In 2014 the Board of the Friends Women’s Association decided to add the position of Coordinator to the clinic to supervise its administration and development. Pastor Parfaite Ntahuba filled this position and her dedication to the clinic and the people of Kamenge has been essential for the development of the clinic.

Yet there were potholes on the road to success. For example, in order to test patients for HIV/AIDS the clinic needed a counselor and a counselling room. The clinic had to add on a small counseling room at the side of the building and then hire a counselor. A bigger challenge was getting a CD4 machine which would determine the blood count of those being tested to see if they needed antiretroviral (ARV) medicines. Another challenge was the great need of the Complete Blood Count (CBC) machine, which establishes whether the body can handle the side effects from the ARV drugs. Without these two machines, the staff had to take the tests to other facilitates which cost funds in travel and time wasted. Finally in 2015 after great effort, the CBC machine was purchased. Today, with the new recommendations “Test and treat”, the CD4 test is no longer a great requirement.

In order to dispense ARVs, the clinic had to have ten patients who needed the drugs. The clinic now has more than 200 such people and the number is increasing each month.

Family Planning:

Burundi has one of the highest birth rates in the world with each woman having an average of six children by the end of their childbearing years. The country is very small, over-populated at 11 million people with its soils becoming infertile with over-cultivation. Burundi is predominately Catholic country and many of the hospitals and clinics are run by Catholics who are against modern birth control methods. Consequently the Ntaseka Clinic’s birth control program using modern methods is of great significant. The fact that more than 2000 women came to the clinic in 2017 for birth control is an important accomplishment.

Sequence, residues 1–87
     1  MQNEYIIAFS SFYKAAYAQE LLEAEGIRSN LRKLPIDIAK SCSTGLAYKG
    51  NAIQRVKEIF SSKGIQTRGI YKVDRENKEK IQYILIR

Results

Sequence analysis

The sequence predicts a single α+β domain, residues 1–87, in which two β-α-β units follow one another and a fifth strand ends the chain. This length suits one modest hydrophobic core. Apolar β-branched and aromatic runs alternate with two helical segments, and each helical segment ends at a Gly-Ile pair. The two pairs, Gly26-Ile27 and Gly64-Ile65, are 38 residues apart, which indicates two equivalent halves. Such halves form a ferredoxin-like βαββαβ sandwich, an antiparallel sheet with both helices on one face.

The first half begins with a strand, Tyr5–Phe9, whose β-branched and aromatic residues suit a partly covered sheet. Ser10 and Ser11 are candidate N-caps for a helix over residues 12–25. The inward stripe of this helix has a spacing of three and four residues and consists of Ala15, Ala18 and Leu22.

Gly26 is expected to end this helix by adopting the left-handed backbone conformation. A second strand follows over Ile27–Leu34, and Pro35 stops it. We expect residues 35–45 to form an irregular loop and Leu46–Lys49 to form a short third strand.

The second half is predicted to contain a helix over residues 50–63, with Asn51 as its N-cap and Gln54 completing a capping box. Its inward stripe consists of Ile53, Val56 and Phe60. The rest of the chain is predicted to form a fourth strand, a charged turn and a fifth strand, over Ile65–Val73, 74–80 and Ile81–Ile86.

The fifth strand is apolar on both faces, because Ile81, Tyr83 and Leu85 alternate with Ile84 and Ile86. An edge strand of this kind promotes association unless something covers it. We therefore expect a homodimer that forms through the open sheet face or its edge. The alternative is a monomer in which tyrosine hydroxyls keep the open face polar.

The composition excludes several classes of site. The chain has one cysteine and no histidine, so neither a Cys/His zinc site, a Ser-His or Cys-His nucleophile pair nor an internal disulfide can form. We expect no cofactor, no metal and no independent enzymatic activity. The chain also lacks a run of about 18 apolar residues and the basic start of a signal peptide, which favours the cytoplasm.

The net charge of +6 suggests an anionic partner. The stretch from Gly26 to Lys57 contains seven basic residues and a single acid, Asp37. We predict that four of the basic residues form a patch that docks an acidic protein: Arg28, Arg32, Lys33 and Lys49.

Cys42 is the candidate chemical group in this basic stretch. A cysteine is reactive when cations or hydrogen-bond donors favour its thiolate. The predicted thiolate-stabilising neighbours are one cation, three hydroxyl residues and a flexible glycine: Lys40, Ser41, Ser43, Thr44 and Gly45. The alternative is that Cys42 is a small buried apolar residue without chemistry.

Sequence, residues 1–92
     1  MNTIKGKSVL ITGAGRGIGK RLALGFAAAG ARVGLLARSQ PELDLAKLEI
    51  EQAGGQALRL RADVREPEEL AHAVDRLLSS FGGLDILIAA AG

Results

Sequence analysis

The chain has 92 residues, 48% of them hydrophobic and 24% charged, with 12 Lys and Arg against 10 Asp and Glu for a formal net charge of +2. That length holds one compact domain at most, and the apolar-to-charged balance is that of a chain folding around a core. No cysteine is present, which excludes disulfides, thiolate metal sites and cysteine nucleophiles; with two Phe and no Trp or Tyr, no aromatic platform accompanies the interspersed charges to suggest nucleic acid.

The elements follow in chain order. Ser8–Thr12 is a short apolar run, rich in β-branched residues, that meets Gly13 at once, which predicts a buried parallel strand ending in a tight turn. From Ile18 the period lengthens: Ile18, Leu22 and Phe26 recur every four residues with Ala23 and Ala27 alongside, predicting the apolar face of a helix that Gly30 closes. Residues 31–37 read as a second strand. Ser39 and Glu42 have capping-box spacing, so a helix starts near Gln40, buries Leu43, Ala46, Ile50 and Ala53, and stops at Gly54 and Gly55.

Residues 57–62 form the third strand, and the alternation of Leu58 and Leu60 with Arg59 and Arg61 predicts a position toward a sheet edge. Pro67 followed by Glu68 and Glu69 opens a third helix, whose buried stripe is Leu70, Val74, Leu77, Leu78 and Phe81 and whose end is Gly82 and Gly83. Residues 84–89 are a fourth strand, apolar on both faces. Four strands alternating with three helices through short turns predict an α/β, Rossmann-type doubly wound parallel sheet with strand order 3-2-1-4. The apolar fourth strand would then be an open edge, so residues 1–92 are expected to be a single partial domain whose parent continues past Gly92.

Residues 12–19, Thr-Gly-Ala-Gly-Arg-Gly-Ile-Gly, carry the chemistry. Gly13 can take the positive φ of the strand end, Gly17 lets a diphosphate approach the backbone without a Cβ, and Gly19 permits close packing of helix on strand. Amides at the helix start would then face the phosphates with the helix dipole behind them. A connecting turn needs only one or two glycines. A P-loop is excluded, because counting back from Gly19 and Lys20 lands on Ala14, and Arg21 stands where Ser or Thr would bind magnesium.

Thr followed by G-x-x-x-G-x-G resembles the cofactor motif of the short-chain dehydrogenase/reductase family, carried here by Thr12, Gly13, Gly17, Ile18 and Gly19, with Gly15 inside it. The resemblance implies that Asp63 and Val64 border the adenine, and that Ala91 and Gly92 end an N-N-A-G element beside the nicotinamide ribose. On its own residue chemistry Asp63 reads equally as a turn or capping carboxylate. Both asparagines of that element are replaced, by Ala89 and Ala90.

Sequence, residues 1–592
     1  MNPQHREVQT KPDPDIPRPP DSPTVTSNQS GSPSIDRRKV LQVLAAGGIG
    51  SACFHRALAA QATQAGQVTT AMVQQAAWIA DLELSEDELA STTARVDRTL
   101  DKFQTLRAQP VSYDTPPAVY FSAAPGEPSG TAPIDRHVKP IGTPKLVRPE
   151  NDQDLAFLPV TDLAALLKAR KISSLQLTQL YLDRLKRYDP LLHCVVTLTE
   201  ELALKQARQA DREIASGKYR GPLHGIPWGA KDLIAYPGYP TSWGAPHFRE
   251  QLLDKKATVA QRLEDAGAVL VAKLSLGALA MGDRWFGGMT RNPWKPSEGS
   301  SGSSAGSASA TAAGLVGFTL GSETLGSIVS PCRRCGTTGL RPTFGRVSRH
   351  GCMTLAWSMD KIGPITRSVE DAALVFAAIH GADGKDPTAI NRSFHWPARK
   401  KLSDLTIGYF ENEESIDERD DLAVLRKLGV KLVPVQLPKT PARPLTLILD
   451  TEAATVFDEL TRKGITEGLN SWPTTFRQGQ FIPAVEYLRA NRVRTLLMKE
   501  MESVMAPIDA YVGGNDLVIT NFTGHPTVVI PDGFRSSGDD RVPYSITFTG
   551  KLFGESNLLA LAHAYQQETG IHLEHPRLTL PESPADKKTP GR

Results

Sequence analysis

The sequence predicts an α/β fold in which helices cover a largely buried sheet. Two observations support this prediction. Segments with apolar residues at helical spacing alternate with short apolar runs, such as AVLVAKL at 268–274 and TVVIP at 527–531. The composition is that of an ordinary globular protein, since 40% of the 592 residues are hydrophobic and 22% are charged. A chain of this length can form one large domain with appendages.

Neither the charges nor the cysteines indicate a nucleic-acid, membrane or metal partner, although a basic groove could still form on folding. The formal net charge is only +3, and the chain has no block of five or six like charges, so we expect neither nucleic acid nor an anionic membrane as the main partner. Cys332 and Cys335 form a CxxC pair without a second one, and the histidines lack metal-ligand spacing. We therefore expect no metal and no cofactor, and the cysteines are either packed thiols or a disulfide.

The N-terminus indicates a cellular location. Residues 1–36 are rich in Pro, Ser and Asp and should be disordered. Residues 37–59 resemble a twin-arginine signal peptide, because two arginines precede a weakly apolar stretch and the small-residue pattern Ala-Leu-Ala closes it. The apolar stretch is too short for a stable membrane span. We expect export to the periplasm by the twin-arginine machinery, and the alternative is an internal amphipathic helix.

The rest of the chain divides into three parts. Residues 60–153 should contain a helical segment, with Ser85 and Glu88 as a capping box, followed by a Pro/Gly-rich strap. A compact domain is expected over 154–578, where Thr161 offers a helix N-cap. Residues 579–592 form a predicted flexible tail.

An outreach meeting where the clinic staff are discussing family planning with a large audience.

It wasn’t always this way – when the clinic began few women came for family planning. This was due to the mis-information that many Burundians had about family planning and the various methods of birth control. To counter this bias against family planning, the clinic staff frequently holds meetings in various parts of the community to respond to people’s concerns about family planning and to explain the various modern methods of birth control. Of time this has meant a large increase in the number of women coming for family planning.


Orga, the first woman under anti-retrovial treatment at NTASEKA Clinic with her daughter. “I was almost dead, but God has used FWA to give me back life.”

I have discussed the challenges that the Ntaseka Clinic had in meeting the requirements to adequately test and counsel people taking the HIV tests. This was just the beginning. Burundi’s HIV+ rate is about 2% so Kamenge’s rate of 7% is well above average for the country. Since Kamenge is a poor slum with lots of destitute women this is not at all surprising.

Like the issue with family planning, because of the tremendous stigma against the HIV/AIDS people were reluctant to come to the clinic to be tested – people were in denial and preferred not to know their status. To counter this, the clinic conducted as many outreach sessions in the community as possible. For example, in their family planning public gatherings the staff would also include encouraging attendees to go for HIV/AIDS testing. When the clinic did workshops on healthy living/reproductive health with youth, HIV/AIDS testing was part of the message. The success of this outreach is indicated by the substantial increase in people attending the clinic to be tested.